1. Be bold: don’t be afraid to introduce new, sometimes darker material, particularly with older teenagers who may show greater engagement if they encounter literature that resonates with young adult issues and preoccupations. Always be sensitive to individual needs however!
  2. Be a role model: set an example, and not just when it comes to reading. You’re in a privileged position at a formative stage in a young person’s life. Afterwards, they should be remembering you as a positive influence – maybe you’ve even made a difference to the course of their future.

For more details of how to volunteer, please contact Celia Jordan, our Off The Page Project Manager, on celiajordan@thereader.org.uk or 07812 238 395 – or come along to our Summer Fair on Saturday 6th June at Calderstones Mansion House.

Off the Page: Reading with Liverpool Families

042Off the Page is our new Liverpool Families project, which aims to improve the lives of disadvantaged children across the city through shared reading. Working with the Liverpool Families Programme, over the course of three years we aim to reach 500 disadvantaged children through regular one-on-one sessions led by volunteers.

Not only will the project directly engage the children themselves with a love for reading for pleasure, in some cases revisited and others for the first time, but will also extend to the adults in their lives – be they parents, carers, family support workers. community staff or volunteers, meaning that reading experiences are more likely to continue.

During the project, 40 of the most disadvantaged children will come together for an extraordinary week-long ‘Book It!’ reading experience at Calderstones Mansion House. This fun reading space will allow the children to make friends, form a positive relationship with reading and one another and relax in the calm, inspiring environment of Calderstones Park. ‘Book It!’ ran for the first time last year, and was part of our drive for knowing that many more children could benefit greatly from the unique experience it provided.

Emma Melling, one of our Off the Page Coordinators, tells us more:

It’s often an exciting time at The Reader – in a staff team that’s almost doubled since I arrived in 2013, there’s always a new face to greet at the Monday yoga class or a new cake to try amongst the friendly chatter in the staff kitchen. I was recently brought on to the new Liverpool Families project Off the Page and can’t describe the feeling of excitement that came with the realisation we’d be working with some of Liverpool’s most worthy recipients of our magical potion – shared reading.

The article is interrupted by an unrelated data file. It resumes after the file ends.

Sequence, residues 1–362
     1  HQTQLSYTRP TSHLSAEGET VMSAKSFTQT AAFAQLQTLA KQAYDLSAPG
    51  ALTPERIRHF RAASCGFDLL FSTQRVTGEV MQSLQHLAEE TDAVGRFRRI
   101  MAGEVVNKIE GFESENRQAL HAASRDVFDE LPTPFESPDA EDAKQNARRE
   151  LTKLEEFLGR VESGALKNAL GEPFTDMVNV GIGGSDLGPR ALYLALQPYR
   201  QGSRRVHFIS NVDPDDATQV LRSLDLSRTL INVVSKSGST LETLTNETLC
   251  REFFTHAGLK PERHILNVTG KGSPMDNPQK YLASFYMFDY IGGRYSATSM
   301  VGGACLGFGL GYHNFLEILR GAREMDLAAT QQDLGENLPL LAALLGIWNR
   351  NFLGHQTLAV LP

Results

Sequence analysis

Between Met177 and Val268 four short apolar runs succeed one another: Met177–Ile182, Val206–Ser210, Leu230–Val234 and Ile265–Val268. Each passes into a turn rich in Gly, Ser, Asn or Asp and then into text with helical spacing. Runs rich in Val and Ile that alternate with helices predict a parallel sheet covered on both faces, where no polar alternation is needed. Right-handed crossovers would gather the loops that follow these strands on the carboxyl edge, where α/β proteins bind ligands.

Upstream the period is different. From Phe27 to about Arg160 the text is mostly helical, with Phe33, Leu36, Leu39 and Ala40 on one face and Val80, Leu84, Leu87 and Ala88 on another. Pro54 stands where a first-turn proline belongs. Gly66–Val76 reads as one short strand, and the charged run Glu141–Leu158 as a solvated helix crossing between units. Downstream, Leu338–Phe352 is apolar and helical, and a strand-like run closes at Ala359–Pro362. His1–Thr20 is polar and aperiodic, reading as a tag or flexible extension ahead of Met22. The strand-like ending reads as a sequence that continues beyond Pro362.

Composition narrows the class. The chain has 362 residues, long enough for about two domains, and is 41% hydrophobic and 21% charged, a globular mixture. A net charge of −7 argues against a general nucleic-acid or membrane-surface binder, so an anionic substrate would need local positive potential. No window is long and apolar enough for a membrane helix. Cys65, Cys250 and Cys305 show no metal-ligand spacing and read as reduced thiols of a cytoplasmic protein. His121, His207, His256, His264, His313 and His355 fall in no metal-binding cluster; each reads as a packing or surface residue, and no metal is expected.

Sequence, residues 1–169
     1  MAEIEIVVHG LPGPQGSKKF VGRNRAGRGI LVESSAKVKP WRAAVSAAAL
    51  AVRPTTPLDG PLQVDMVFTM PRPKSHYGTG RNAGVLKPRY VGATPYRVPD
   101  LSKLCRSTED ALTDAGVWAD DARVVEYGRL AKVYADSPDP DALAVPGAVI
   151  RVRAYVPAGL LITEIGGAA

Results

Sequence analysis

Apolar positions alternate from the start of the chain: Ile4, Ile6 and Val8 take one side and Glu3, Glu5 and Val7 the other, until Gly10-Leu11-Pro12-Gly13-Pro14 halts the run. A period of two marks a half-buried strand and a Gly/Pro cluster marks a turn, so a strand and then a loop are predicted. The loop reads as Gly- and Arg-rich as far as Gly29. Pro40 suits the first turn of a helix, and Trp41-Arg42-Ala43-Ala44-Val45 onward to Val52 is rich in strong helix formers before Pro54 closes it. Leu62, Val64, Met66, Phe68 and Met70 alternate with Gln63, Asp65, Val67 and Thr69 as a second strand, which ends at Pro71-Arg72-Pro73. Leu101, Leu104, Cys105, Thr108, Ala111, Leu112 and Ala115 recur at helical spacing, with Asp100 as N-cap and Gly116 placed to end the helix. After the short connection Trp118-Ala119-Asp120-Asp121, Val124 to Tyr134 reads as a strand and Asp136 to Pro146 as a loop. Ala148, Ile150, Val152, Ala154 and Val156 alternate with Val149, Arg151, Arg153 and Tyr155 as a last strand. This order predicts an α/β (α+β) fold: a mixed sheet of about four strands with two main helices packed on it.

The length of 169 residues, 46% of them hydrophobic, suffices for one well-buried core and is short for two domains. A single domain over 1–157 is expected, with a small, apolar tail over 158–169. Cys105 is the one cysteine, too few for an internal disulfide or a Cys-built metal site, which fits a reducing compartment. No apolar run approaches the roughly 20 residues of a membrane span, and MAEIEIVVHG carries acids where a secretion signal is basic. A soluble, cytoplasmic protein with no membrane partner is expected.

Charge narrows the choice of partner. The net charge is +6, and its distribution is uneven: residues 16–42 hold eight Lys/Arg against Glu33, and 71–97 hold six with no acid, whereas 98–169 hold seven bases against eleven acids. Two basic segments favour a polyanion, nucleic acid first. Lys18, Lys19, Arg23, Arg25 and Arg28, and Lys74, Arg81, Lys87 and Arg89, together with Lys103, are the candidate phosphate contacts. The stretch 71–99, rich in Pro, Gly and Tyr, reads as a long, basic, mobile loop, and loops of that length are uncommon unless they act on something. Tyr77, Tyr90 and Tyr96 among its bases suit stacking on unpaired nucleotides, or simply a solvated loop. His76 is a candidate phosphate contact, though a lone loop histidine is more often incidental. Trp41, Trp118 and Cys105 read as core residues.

In one way or another I’ve been working with disadvantaged teenagers for over a decade. Of all my experiences though, a project with Looked After Children last summer stood out. We spent a fortnight reading out loud with children who didn’t see themselves as readers, who weren’t used to being around fun adults and had to relearn a sense of play. The results were profound. One child from the Book It! Summer School was waking up at 5 to read Diary of a Wimpy Kid. Another chose to read after several clear ‘no’s when asked. A third came out of her shell, speaking more frequently and more loudly. The 20 or so children were grouped into teams of animals, and I was a fellow member of the Wolf team. As the days progressed, all the boys from the Wolves showed pleasant surprise at being praised, then pushed themselves to be praised again. By the end, through their own volition, every Wolf read. There was a willingness by all children on the last day to take home books we’d recommended to them specifically. A real trust had been built.

Thankfully some key decision makers heard about the magic and came to see it for themselves. They have gone on to develop Off the Page which, if we are successful, will reach over 500 of Liverpool’s children over the next three years. So if like me, you want to sip at the magic potion and share your passion for reading, get in touch!

We’re currently looking for volunteers to make weekly visits to a child (aged 11-16) either in their own home, foster home or community setting to read aloud and discuss literature with them. Volunteer positions will last for a minimum of six months for one hour at the same time each week, and are set across four areas within Liverpool – Kensington, Everton, Toxteth or Walton.

More information about the project and specific volunteer roles can be found on our website: http://www.thereader.org.uk/working-with-us/volunteering/off-the-page

If you think you could take part, please get in touch with Celia Jordan, Off the Page Volunteer Manager: celiajordan@thereader.org.uk